All three forms of documentation are to be prepared in a manner consistent with the content requirements and formats outlined by the OECD Transfer Pricing Guidelines. Ultimate parent entities (UPE) of multinational groups that are resident in Hong Kong with consolidated turnover of HK$6.8 billion (i.e. reportable groups) will be required to prepare and submit CbCR for accounting periods beginning on or after 1 January 2018, for filing 12 months after the end of the accounting period. 

The CbCR filing mechanism also extends to a Hong Kong constituent entity (HKCE) of a reportable group being nominated as the surrogate parent entity (i.e. surrogate filing) and HKCE of a reportable group that is not the UPE under certain circumstances (i.e. secondary filing). A written notification containing information relevant for determining the obligation for filing a CbCR must be filed to the IRD within three months after the end of the relevant accounting period.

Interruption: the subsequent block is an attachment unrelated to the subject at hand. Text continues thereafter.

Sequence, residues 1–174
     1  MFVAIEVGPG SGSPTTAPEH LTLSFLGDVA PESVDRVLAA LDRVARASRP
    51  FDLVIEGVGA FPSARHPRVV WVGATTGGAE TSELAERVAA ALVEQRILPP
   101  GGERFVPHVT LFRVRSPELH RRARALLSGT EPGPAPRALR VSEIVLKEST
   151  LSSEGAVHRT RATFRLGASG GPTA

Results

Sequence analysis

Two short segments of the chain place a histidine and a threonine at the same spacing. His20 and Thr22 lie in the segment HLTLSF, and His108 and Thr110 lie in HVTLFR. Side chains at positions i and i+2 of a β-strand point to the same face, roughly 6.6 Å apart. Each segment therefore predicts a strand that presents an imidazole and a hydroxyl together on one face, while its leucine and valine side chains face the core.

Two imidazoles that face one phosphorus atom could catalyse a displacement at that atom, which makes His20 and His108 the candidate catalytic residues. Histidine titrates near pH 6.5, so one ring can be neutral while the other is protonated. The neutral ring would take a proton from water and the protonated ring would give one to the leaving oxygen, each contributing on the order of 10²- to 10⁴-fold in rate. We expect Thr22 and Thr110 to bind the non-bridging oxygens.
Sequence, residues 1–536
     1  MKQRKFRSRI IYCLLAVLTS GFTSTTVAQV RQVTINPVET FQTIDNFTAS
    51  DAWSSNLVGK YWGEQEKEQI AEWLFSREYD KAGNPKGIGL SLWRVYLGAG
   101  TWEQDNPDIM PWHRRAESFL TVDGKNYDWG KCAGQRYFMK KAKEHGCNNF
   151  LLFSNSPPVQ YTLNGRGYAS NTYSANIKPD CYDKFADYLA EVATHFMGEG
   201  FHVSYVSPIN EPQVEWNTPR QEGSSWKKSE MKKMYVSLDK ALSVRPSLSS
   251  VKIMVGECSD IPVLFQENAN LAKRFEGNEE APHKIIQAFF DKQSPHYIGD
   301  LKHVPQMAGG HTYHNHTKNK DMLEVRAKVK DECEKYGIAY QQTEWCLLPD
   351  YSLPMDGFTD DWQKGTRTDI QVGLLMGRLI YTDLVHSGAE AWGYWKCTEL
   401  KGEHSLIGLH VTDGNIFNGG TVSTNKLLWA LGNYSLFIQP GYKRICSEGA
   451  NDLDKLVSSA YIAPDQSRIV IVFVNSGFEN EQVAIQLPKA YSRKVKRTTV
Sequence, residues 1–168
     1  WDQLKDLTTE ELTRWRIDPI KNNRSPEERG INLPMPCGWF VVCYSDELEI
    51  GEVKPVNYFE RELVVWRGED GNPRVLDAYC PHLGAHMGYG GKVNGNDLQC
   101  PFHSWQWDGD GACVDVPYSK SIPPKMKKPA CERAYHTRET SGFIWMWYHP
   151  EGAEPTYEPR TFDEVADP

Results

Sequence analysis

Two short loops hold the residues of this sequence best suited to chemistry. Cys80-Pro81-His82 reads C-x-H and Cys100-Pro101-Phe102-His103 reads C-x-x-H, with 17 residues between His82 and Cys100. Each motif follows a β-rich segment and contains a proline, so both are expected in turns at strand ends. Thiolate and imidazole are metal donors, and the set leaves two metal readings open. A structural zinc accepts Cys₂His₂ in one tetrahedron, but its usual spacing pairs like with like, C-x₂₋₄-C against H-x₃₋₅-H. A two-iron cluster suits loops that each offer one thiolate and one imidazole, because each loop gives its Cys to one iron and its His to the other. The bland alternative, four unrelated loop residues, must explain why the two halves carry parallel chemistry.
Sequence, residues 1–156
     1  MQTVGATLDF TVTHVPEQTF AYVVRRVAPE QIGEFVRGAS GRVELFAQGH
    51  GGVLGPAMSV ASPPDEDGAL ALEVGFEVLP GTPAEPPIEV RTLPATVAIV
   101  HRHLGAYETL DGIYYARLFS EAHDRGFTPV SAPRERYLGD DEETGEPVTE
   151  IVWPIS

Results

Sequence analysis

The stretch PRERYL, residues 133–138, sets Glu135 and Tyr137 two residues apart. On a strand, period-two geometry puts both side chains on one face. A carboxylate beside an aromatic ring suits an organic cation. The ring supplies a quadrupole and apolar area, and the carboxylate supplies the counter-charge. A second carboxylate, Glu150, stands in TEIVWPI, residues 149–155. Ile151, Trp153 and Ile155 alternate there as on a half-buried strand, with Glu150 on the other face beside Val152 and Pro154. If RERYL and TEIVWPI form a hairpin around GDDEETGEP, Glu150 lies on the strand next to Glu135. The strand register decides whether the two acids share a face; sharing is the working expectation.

As for MF and LF, all companies carrying on a trade or business in Hong Kong are required to prepare these reports for accounting periods beginning on or after 1 April 2018, and be ready within six months of the year end unless they meet one of the exemptions available. MF and LF reports can be prepared in either in English or Chinese, and should be retained by taxpayers for at least seven years. Failure to prepare such documentation and/or providing misleading, false or inaccurate information may render criminal and/or civil penalties.


Advanced Pricing Arrangement